Lunches We Need from Mexico City

Last week, I snuck away and took a solo expedition to Mexico City. Besides seeing the sites and drinking mezcal, my main goal was sampling the street food.

This first picture was taken before I bit in to my very first Mexican taco. It was made in Mercado de la Merced, a gigantic semi-covered market with everything from clothes, vegetables, and Halloween costumes, to live animals, and lots of food stalls. The taco man, probably seeing my excitement, asked to take a picture with me, so I too captured the happy, anticipatory pre taco moment on my camera.  Pictures of that taco, and much much more after the jump…

Mercado Merced

I got a mixed taco, with steak, pork, chicken, and french fries (no cactus though, too bitter and slimy for me).  I sat on some stool and attempted to fit this hefty mass into my boca. The meat, as was the case really, with all the meat that I ate on this trip, just tasted more meaty than what we find in our part of the world. It was a beautiful thing. A wise man recently told me you never forget your first taco in Mexico. Truth.

At a different stand in the same market, I also tried a smaller but intensely flavorful longaniza taco. I probably won’t forget that one either.

And right outside the market, I stopped at a shopping cart with a built in grill serving elote- corn with mayo, cheese, lime, and lots of chile. The kernels are larger and less sweet than what I am used to, but it was a fun and messy street snack.

This is a giant bag of cheetos from the market. It puts your snack size bag to shame.

Also in the market, amazing mole, in paste and powdered form. After a few mini samples, I brought the special house almond and the green pipian versions. If you are ever in Merced, you can find Senora Balbina and her mole  at Door 5 in the central aisle of the vegetable market.


The colonial town of Puebla, located 2 hours away from Mexico City,  is known for a) being the site of the winning battle against France; the reason Cinco de Mayo is celebrated and b) its regional cuisine- specifically, mole and chile en nogada. I made sure to try both things at Fonda de Santa Clara. Mole enchiladas 3 ways was the perfect way to sample different styles. Mole is made with approximately one million spices that come together and make it hard to identify any one flavor. The super rich, classic poblana and the sweeter red mole had me licking the sauces even after I was too full to move.  Chile en nogadas is unlike anything I have ever had, chiles stuffed with a fruit and meat mixture and covered with a chilled walnut cream sauce and pomegranate seeds. This is very different from what I would typically think of as Mexican food. I really enjoyed the unexpected sweetness, though it was a bit too overpowering for my new British and Australian friends who I dragged to Puebla with me.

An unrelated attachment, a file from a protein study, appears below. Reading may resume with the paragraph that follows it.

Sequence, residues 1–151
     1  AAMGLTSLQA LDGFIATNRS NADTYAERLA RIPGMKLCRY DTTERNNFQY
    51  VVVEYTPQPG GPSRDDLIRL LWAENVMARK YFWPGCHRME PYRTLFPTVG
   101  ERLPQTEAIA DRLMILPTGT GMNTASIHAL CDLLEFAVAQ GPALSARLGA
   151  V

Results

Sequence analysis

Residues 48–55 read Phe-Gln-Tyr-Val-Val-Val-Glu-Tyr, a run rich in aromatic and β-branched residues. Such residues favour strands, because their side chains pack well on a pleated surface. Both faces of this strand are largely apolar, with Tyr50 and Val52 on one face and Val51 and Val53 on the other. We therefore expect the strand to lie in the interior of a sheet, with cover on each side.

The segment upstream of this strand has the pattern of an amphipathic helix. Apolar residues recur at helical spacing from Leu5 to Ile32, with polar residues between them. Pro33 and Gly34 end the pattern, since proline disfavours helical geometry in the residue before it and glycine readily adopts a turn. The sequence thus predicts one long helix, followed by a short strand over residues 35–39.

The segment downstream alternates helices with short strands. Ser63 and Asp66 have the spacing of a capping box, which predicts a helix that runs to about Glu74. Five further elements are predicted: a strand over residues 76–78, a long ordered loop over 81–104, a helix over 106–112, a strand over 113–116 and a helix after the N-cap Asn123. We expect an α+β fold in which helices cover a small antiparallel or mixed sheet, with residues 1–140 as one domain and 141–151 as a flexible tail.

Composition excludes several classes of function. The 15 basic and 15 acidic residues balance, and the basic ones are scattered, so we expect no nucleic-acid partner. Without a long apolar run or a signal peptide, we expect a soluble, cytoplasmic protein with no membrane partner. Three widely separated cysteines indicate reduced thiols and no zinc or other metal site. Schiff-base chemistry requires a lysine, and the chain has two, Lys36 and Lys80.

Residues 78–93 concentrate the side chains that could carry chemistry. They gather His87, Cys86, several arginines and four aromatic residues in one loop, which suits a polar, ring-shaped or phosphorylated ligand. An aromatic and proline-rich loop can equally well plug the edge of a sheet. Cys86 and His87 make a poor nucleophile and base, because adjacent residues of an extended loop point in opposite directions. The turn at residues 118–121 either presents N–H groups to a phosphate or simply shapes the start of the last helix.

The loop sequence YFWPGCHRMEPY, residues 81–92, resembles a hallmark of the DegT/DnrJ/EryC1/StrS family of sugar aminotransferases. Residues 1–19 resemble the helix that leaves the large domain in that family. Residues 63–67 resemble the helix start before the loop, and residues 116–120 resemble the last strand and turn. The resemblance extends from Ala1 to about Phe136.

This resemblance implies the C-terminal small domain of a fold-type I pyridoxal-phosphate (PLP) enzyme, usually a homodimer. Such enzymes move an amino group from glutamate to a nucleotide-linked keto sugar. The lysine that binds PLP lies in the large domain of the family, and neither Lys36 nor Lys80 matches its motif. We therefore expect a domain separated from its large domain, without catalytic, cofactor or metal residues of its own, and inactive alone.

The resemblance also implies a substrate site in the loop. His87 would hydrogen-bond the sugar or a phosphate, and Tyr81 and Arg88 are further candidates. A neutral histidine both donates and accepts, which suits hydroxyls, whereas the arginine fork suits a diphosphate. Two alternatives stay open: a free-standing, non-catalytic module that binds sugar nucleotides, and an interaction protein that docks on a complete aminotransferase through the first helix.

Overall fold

A stop at La Pasita (established in 1916), for raisin liqueur shots, helped us digest before our bus back.


I spent a lot of time in the Zocalo, the main plaza of Mexico City- a busy area that hosts indigenous and colonial sites, bustling commercial streets, and plenty to eat.

At craft bar, Tlatoanis, I tried crickets for the first time. The little guys had too much of a bitter after taste for me, but I loved the hibiscus tacos. I had no idea hibiscus flowers could be turned into a savory snack.

Somewhere in the streets of Zocalo, a chorizo and an al pastor taco on hot corn tortillas called my name (the street taco guys actually do yell at you to come in and try) and I was already ready to answer.

Nearby, at Tlaquepaque, at the recommendation of a very knowledgeable Mexican friend, I had one of my favorite meals of the trip- a supersized torta with beef, pork, avocado, tomato and cheese. It didn’t hurt that it was 2am and there was a fair amount of mezcal and pulque (a less fermented mezcal drink) in my system- but I would have devoured this sandwich regardless. The combo of cheese and various meat on greased bread could easily be compared to a cheesesteak, but I don’t even want to go there (because this wins, no contest, sorry Philly). And it cost about $3.50.

Mercado Coyoacan

In the area where you can find Frida Kahlo’s home- turned museum, you can also find another busy market. Inside, seafood tostadas are the thing to get.


For my one non-street food meal, I went to Azul Condessa, an upscale restaurant whose chef, Ricardo Munoz Zurita literally wrote the book on Mexican food: the Diccionario Enciclopedico De Gastronomia Mexicana. Yea, I can be fancy. The creamy squash soup was perfectly balanced, though the corn and sour plum dessert was too strange for me.

For a different soup experience, somewhere else in Condessa at the end of my trip, I found myself on a 5am, post club Pozole adventure. The soft shreds of chicken and mild chiles made me not even care about the fact that I had to wake up for a flight in a few hours.

Viva Mexico! Though it can’t quite compare, I’ll have to relive the experience at some of my favorite Mexican spots around Philly.

Previously, Lunches we need from China



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